This baby boom will have wide-ranging implications for public services, especially because it has coincided with the ageing of the post-war baby boomers and the worst economic crisis since the 1930s. A large share of these new births have been concentrated in London, where local authorities are already struggling to cope. Baljit Bains, the head of the Greater London Authority’s demography unit, was quoted by The Economist in 2012 saying “We thought we had it nailed. We were a typical industrialised country, with fertility dropping and economic prosperity. Then these crazy fertility numbers came, and the economic downturn….”
The article which used his quote referred to a number of examples of cases where public services are already being over-stretched, such as a hospital in East London which is designed to handle 8,000 births a year but now has to cope with 9,000–10,000, and the particularly extreme case of Barking and Dagenham’s primary schools, which will have to increase their capacity by 43% between the 2010/11 and 2015/16 academic years. Across the country, primary schools in general are now starting to feel the squeeze, with rapidly increasing pressure on buildings and teaching resources, as a recent BBC article makes clear. This is also leading to increasing conflict between parents over how school places are allocated, as places at the best schools are becoming even more heavily oversubscribed.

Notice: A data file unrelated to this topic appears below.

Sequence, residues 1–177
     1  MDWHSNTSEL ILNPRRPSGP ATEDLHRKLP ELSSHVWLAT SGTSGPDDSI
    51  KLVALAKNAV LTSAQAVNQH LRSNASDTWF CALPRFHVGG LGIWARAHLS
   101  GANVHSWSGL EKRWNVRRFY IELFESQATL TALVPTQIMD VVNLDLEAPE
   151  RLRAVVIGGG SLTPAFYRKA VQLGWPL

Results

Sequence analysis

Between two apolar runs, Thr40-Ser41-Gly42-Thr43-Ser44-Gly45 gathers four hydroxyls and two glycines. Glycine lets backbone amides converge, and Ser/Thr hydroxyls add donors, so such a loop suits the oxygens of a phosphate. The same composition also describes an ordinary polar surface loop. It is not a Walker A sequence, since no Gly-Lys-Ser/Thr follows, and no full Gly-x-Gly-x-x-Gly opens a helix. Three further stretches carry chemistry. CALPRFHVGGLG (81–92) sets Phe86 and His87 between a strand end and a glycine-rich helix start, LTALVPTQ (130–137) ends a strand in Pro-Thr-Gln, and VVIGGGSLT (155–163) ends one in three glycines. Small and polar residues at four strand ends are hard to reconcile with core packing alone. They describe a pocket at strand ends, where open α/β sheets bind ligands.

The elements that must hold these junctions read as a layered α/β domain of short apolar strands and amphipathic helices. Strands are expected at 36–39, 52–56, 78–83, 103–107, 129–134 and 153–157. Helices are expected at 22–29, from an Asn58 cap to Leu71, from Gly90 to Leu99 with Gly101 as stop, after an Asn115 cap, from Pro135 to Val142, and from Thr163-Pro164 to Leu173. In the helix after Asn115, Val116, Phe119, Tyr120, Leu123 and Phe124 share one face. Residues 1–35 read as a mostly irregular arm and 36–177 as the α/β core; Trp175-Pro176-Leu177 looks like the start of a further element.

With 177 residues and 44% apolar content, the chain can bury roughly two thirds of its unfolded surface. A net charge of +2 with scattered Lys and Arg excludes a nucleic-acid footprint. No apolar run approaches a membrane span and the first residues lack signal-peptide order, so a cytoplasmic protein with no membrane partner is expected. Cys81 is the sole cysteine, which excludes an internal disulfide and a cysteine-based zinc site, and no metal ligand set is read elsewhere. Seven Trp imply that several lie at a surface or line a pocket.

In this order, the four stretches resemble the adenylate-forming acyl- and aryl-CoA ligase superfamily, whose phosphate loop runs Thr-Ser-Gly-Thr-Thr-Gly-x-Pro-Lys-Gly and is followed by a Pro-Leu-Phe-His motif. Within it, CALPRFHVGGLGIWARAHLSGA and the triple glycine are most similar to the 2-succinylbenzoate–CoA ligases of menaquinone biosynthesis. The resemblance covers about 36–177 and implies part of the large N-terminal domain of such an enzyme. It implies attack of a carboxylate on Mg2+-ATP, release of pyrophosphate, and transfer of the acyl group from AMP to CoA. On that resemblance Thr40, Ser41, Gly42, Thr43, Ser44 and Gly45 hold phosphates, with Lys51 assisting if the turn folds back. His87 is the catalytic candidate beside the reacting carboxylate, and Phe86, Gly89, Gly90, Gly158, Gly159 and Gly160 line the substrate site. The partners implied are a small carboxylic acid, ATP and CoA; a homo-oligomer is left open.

What is today’s problem for primary schools will inevitably become tomorrow’s problem for secondary schools and universities, and it will eventually lead to higher demand for housing and jobs. And this has been another reminder that how many children people decide to have – like most elements of human nature – is inherently unpredictable. Nobody can say with any certainty how long this trend will continue.
Fairness for all generations?
In the longer term, a rising population should be good for Britain. More people should add more workers, leading to higher growth and higher tax revenues to pay for services and benefits. However, before we reach that point Britain’s policy-makers will have to address the three-pronged challenge which was alluded to earlier; ageing baby-boomers, a high birth rate and the economic crisis. This implies that tough choices about public spending will need to be made.